From the lush green grass of Northern Ireland through the Dubai desert and high rises of Hong Kong, Saul McHugh has packed a lifetime of horse training knowledge into his 35 years.

McHugh had a solid head start: he is the product of several generations of accomplished horsepeople, was riding horses at age three and competing in flat and hurdle races before his 16th birthday. He was well on his way to a big career in his early 20s when a bad fall left him with a broken neck and no chance to ride races again.

That is when McHugh set off to travel the world, pursuing his dream of not just riding Thoroughbreds, but schooling and preparing them for a successful racing life. McHugh has brought all that insight to Canada now and in the fall of 2015, opened Global Equine Limited, a training centre that operates out of the impressive Kelynack Stable in Milton, ON.

“It is humbling to have such a quality of support for the business and it’s happened pretty quickly,” said McHugh. “Glenn Harvey [owner of Kelynack] made it possible and you wouldn’t believe the team of people who work with me, it’s a great team.”

One of the first things you notice when you meet McHugh, 35, is that he has a strong grasp of the details related to training, feeding and prepping racehorses. That quality likely came from his horseman and grandfather Felix O’Neil, an early teacher. He remembers the name of the first horse he galloped, Andromeda Gardens, when he was just eight-years-old, and he quickly became a successful show-jumping rider before pursuing his race-riding career.

It was soon after the biggest win of his career, the Walwan Challenge Trophy at the prestigious Cheltenham Festival riding Royal Predica, trained by the legendary Martin Pipe, when McHugh suffered the fall that broke his neck.

He had ridden some 500 races and won 182 and now had to find something else to do.

“That’s when I started travelling the world,” said McHugh. “I had an opportunity to work for the Maktoum family in Dubai for three years, came back to Ireland briefly and went to Hong Kong.”

McHugh worked for the Hong Kong Jockey Club as a work rider, steward and caretaker of Hong Kong horses that traveled for races in Australia. It was in Hong Kong where he met his future wife, Juliana Agostino, a teacher from Toronto.

When it came time for Agostino to return to her career in Toronto, McHugh made his first ever trip to Canada, first for a holiday and then, in the fall of 2013, to set up a home and look for work.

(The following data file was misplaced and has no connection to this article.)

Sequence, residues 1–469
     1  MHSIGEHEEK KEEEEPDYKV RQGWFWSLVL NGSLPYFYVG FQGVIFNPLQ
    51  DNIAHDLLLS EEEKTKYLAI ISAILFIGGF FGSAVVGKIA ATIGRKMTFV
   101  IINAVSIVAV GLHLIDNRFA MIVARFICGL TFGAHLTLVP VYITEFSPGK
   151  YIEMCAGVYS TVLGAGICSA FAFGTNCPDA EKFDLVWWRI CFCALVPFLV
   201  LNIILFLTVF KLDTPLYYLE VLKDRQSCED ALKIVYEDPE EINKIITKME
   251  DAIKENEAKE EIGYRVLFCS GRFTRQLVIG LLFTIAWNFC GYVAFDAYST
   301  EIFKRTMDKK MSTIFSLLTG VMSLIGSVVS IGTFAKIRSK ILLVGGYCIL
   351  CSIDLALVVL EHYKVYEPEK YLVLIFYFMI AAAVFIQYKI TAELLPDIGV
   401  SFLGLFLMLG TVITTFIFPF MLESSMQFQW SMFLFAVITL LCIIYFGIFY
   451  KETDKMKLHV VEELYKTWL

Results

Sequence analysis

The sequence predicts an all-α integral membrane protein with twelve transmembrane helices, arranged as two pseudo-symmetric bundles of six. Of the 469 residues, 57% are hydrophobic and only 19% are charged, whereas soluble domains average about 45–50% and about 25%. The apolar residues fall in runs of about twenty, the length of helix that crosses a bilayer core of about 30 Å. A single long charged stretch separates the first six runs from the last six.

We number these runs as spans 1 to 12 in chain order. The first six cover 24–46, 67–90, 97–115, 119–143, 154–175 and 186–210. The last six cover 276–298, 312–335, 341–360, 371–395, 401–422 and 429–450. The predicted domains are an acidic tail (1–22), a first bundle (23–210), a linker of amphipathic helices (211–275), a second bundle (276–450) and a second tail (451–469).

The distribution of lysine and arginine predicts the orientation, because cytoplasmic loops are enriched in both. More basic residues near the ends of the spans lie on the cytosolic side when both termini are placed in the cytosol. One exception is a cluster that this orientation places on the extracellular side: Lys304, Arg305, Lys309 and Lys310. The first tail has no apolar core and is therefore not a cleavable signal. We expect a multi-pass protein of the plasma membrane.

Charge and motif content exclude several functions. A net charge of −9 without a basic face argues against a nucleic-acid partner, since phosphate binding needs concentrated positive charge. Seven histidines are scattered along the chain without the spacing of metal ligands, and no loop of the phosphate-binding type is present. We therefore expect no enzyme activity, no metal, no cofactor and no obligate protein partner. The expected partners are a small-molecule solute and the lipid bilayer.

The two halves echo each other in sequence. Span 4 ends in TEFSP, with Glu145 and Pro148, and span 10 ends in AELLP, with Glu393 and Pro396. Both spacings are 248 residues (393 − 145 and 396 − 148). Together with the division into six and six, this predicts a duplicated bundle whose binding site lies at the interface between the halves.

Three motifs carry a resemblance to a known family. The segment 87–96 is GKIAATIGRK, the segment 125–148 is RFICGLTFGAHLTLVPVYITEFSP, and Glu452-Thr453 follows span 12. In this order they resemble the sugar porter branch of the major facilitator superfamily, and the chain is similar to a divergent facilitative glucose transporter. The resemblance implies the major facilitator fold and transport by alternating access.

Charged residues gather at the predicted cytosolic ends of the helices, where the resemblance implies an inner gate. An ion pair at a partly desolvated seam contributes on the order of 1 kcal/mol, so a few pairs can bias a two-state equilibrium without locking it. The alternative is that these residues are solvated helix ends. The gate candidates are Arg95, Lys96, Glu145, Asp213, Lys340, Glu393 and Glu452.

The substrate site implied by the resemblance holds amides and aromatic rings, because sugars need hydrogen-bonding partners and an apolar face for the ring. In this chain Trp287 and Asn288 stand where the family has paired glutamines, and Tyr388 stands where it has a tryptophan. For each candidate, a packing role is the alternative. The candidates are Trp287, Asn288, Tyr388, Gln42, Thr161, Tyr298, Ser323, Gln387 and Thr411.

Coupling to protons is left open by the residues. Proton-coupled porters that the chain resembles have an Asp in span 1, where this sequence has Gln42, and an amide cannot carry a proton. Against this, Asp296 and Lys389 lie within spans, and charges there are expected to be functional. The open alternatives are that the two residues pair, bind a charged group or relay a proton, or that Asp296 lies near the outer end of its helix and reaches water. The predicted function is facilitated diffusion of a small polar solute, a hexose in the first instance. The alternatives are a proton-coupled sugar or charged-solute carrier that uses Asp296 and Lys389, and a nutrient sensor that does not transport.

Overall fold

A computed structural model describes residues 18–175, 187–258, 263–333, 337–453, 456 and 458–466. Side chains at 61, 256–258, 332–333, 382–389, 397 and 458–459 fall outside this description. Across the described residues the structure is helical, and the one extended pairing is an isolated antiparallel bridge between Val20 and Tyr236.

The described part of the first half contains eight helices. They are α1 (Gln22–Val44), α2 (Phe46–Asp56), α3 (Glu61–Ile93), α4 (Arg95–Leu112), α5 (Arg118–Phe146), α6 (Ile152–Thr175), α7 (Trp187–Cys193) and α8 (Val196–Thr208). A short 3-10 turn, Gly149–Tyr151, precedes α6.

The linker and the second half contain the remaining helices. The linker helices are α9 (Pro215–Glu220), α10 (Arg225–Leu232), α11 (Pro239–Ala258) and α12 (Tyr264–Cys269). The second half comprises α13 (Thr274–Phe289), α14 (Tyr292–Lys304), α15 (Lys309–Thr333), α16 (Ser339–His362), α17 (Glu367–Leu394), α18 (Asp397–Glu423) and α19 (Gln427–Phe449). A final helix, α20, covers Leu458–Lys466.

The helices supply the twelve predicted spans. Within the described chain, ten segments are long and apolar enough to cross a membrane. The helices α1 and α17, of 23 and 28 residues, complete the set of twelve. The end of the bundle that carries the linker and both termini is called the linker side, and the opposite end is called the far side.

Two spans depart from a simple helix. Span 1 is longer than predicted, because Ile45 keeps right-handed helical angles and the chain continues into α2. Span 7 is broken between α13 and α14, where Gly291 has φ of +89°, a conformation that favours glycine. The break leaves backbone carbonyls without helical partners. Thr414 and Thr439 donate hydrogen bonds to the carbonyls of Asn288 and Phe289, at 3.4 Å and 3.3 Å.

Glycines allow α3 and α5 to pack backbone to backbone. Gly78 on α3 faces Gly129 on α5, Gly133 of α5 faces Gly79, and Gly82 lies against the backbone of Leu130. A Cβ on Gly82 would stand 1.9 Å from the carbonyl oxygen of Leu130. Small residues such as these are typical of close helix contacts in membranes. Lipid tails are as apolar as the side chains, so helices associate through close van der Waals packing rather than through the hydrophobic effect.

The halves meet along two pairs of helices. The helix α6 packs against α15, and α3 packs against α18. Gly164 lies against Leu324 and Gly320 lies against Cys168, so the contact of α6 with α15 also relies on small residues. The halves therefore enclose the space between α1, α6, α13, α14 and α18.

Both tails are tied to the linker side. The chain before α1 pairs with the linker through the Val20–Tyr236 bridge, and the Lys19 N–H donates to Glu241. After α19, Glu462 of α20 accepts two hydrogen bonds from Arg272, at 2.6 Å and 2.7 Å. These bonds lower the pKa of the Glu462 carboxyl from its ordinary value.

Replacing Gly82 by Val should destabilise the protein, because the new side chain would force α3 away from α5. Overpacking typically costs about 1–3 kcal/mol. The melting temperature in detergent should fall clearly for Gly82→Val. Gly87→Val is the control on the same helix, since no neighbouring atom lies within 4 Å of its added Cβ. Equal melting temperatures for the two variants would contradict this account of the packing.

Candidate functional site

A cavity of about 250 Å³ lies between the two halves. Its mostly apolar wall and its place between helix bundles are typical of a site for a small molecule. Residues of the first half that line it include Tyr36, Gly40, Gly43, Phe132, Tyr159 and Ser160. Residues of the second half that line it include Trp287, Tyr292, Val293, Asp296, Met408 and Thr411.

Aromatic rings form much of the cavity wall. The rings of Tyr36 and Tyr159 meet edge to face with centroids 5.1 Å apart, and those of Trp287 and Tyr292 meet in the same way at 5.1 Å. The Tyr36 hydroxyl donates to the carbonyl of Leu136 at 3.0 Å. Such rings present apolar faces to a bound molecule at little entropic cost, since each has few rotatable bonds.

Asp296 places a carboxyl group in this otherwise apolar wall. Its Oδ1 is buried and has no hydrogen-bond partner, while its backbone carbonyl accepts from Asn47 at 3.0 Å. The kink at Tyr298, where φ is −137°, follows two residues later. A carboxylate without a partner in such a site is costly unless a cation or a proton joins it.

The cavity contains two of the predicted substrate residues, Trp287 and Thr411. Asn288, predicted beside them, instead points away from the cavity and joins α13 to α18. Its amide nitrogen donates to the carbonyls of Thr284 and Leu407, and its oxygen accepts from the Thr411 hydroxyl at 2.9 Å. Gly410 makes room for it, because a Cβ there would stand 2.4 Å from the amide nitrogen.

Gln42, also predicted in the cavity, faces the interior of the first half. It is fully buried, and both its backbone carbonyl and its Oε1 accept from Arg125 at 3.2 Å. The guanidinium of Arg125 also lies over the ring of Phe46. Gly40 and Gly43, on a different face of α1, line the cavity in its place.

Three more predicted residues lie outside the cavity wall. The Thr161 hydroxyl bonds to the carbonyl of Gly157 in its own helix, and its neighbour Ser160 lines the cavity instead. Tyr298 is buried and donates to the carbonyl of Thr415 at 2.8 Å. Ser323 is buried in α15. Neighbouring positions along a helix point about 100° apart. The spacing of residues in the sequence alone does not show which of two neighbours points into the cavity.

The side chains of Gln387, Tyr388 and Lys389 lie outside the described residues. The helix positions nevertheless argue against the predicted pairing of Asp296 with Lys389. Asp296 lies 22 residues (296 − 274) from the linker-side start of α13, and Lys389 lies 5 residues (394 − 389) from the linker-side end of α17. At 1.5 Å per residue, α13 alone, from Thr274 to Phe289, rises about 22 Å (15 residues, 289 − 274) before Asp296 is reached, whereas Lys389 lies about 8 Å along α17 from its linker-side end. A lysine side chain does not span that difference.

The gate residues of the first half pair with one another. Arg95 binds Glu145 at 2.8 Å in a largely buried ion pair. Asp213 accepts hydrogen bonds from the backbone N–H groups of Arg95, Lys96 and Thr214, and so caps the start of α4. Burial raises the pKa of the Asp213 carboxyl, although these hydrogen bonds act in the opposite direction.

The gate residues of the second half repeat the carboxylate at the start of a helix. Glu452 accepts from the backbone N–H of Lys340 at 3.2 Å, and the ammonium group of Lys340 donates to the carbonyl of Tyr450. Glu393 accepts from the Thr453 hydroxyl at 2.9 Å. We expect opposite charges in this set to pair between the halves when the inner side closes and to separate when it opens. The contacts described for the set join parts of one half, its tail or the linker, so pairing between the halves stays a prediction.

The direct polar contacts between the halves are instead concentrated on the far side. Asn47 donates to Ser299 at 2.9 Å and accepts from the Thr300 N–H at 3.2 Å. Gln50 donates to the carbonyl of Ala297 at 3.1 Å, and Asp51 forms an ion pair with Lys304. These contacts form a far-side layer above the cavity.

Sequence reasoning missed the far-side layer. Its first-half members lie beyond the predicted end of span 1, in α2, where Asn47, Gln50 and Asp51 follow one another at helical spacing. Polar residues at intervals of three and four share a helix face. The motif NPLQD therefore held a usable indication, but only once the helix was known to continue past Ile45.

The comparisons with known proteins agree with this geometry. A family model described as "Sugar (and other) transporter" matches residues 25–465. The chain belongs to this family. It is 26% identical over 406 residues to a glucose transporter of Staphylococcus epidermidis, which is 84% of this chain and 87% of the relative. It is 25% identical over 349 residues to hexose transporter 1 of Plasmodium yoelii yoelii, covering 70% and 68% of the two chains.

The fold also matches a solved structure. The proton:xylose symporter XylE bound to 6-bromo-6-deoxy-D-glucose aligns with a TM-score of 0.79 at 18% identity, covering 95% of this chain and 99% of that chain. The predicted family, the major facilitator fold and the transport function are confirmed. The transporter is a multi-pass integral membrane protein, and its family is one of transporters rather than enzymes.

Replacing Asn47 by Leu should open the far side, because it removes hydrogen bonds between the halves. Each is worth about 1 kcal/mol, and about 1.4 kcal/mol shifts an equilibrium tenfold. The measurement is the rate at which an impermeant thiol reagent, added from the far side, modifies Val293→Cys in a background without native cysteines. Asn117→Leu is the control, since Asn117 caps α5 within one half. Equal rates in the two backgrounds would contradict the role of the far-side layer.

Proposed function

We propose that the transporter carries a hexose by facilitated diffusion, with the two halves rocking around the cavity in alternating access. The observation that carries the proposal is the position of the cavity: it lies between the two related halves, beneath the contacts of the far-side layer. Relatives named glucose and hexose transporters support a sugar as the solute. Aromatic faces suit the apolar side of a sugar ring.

“I was given permission to walk around the Woodbine backstretch and the first person I met was trainer Phil Gracey. I started exercising horses for him and then Josie Carroll.”

It did not take long for McHugh to put together his own small breaking and training business, Global Equine Limited, and during the winter of 2015, worked with more than a dozen horses to work with at a client’s farm in Kettleby, ON.

He continued to work at Woodbine in the summer of 2015 when he heard about Kelynack Stables through trainer Ricky Griffith. The farm, an immaculate, 200-acre spread complete with a 5/8-mile track and state-of the-art barns, had very few horses in residence and Harvey was looking for someone to fill it up.

“I first got there and looked around and thought there was no way I was going to be able to afford setting up shop there,” said McHugh.

Harvey and McHugh worked out an agreement and at the Canadian Thoroughbred Horse Society’s Canadian yearling sale in September, McHugh went in search of some clients. He ended up with almost 40 horses of various ages to break, train and rehabilitate.

One of the first team members on the scene for McHugh to prepare the large stable for big business again was Lee Small, a member of the successful Maryland family of horsemen that includes the late Richard Small.

Small was signed on as manager and son John Small plus Ryan Gaskin and Katy Morrison run the various barns on the property. Agostino is also an integral part of the business even with her own career as she works on banking and billing.

“It’s hard work for everyone,” said McHugh. “The farm life is much different than that at the track. It’s less hectic but can be a long day.”

On a recent January day at Global Equine, newly-turned two year old were being ridden under tack around an indoor oval which has a large equisizer in the middle. Older racehorses had been out for a romp in the snow or a light walk and jog around the expansive property and more than a half dozen yearlings were interested in the visitors.

When the majority of the horses of racing age leave McHugh’s care when Woodbine racetrack opens its backstretch for the 2016 season, McHugh is hoping to maintain a horse population to allow him to continue business throughout the summer.

The best advertisement for McHugh’s Global Equine, and what he works hard to accomplish, is healthy, happy and ready racehorses who thrive at the track.

“The best thing would be to see all out graduates go out and do well, perform with distinction,” said McHugh. “Then my great staff can give themselves a pat on the back for a job well done.”